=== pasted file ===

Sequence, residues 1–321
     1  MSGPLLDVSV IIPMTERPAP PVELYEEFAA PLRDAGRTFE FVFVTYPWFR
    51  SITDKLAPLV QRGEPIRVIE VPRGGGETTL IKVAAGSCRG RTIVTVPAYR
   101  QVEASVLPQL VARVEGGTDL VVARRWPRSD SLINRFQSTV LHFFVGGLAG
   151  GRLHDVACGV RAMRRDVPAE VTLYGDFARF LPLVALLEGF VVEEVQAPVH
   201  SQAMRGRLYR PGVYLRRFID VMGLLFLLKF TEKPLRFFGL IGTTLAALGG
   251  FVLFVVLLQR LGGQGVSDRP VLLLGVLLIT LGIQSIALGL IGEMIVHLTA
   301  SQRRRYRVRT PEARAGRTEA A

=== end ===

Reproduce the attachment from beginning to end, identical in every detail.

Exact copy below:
Sequence, residues 1–321
     1  MSGPLLDVSV IIPMTERPAP PVELYEEFAA PLRDAGRTFE FVFVTYPWFR
    51  SITDKLAPLV QRGEPIRVIE VPRGGGETTL IKVAAGSCRG RTIVTVPAYR
   101  QVEASVLPQL VARVEGGTDL VVARRWPRSD SLINRFQSTV LHFFVGGLAG
   151  GRLHDVACGV RAMRRDVPAE VTLYGDFARF LPLVALLEGF VVEEVQAPVH
   201  SQAMRGRLYR PGVYLRRFID VMGLLFLLKF TEKPLRFFGL IGTTLAALGG
   251  FVLFVVLLQR LGGQGVSDRP VLLLGVLLIT LGIQSIALGL IGEMIVHLTA
   301  SQRRRYRVRT PEARAGRTEA A